Recommended Posts

A few weeks ago, we flew to Chicago to attend my son's law school graduation. The commencement ceremony for the law school included two primary speakers, a woman and a man. The woman spoke first. She had a lengthy list of qualifications (including a director of Planned Parenthood, which lessened her substantially in my son's estimation). She began her talk by saying that such commencement speeches typically included lists of platitudes, which she promised to follow. True to her word, she then offered one of the most uninteresting, useless talks I can ever remember listening to in any venue. "Utterly forgettable" does not do justice to just how useless this talk was. Of course, she was wildly applauded when she finished—though I wonder if the applause was less for the talk she had given and more for the fact that it was over.

The man spoke next. He, too, had a lengthy list of qualifications, including being a practicing lawyer who (I think) argued before the Supreme Court, a highly influential professor, and a respected author. He offered a truly interesting and insightful speech on the importance of the Supreme Court and dismissed the idea that the justices there were biased on the whole. It made up for the cringing boredom of the previous speaker. He, too, was applauded, though it seemed to me that his talk was not as well-received as the previous travesty.

Lessons: Platitudes often take the place of actual thought and ideas. In addition, platitudes tend to be better received by society, even (perhaps especially) by those who call themselves well-educated.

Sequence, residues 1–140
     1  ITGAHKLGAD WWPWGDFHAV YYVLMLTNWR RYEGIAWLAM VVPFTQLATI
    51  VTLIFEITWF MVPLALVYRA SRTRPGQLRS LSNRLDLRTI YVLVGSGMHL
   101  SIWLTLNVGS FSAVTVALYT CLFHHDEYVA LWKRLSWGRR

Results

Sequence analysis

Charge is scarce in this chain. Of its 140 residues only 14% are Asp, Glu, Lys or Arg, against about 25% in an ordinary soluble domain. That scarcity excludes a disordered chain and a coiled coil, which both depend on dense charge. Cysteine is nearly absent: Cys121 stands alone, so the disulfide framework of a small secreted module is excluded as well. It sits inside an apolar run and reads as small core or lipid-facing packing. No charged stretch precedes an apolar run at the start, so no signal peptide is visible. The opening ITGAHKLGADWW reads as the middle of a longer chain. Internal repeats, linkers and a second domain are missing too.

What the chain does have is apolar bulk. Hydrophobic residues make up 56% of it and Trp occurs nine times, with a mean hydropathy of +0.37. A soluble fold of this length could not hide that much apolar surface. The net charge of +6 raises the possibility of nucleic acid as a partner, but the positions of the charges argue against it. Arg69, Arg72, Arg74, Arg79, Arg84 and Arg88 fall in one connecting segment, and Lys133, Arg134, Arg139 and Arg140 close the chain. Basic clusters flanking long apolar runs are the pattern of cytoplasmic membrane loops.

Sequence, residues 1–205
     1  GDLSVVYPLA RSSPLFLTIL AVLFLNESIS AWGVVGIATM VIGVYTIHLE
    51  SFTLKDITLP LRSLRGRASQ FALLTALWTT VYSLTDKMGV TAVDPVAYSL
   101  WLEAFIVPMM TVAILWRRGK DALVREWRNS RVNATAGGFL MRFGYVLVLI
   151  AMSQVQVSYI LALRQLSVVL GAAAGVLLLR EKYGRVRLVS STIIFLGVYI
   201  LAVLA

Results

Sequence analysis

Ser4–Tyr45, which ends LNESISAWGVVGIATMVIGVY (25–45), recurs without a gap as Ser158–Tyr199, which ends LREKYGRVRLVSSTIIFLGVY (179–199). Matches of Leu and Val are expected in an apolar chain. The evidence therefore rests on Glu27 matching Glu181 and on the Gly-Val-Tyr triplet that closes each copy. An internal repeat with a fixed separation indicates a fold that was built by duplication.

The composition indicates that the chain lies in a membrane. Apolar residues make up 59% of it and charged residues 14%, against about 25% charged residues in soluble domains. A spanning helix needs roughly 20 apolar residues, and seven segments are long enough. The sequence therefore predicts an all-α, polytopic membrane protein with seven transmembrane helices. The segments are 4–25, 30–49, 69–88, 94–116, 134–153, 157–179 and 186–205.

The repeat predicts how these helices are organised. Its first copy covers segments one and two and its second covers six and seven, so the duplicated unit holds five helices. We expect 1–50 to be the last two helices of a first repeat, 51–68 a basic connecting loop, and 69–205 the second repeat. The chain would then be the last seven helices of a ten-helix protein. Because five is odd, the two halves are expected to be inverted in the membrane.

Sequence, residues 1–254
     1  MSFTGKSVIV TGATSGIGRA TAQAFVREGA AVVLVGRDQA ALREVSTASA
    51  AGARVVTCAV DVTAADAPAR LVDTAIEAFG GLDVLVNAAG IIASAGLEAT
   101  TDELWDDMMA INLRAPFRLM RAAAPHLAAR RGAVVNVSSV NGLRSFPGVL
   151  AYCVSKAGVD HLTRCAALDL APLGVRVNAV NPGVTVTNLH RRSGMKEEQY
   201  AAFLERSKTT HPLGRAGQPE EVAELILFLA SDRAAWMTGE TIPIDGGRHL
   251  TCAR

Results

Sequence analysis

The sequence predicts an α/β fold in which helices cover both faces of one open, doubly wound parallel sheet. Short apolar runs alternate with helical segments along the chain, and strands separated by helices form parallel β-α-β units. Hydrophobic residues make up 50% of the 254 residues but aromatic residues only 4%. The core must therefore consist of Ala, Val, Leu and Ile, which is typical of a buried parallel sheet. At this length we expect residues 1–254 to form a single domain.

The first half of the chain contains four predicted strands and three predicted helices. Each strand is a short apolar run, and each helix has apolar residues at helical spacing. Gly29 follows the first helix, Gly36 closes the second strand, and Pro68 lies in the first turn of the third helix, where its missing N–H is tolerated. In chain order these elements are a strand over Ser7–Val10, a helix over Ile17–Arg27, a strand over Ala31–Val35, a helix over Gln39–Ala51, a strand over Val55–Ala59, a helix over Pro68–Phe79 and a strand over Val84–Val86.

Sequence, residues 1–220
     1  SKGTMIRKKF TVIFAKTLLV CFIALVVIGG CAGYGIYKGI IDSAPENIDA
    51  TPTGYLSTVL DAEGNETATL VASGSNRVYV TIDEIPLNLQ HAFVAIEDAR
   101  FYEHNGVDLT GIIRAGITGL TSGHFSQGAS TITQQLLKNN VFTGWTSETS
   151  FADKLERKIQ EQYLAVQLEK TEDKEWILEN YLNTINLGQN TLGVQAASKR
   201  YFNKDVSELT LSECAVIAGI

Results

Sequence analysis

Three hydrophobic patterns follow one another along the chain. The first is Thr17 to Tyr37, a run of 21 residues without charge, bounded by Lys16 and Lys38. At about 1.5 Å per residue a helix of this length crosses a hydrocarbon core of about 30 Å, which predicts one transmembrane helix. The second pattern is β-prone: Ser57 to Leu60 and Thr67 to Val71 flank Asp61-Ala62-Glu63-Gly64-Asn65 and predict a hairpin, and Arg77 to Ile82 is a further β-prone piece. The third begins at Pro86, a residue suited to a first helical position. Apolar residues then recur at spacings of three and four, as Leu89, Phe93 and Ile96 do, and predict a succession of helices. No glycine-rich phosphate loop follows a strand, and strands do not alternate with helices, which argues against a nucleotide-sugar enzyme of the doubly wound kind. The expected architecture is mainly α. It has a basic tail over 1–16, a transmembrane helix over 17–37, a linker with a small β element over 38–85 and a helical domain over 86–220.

Link to comment
Share on other sites

Speaking as someone with an MBA?

All too often, the higher a person goes into academia, the more divorced they become from the world *outside* of academia. This is because they frequently end up insulated from life beyond the Ivory Tower, associating only with other academics who often have similar opinions and lifestyles. If they spend too much time like this, they can actually develop a contempt for people who don't have their same level of academic credentials, and may even be so arrogant as to declare that people who aren't on their "level" shouldn't even have the right to speak to them about various topics and should merely sit & listen to their "betters". 

Such a mindset appears to be especially prevalent in the humanities and social sciences. 

To be brutally honest, two of the most willfully ignorant people I ever encountered were individuals who had doctoral degrees in their respective fields (social sciences and theology, respectively). They treated their doctorates as shields of invulnerability, and refused to listen to even credible, reputable sources when it came to information that contradicted their personal biases about how the world worked. 

Link to comment
Share on other sites

Join the conversation

You can post now and register later. If you have an account, sign in now to post with your account.
Note: Your post will require moderator approval before it will be visible.

Reply to this topic...

×   Pasted as rich text.   Paste as plain text instead

  Only 75 emoji are allowed.

×   Your link has been automatically embedded.   Display as a link instead

×   Your previous content has been restored.   Clear editor

×   You cannot paste images directly. Upload or insert images from URL.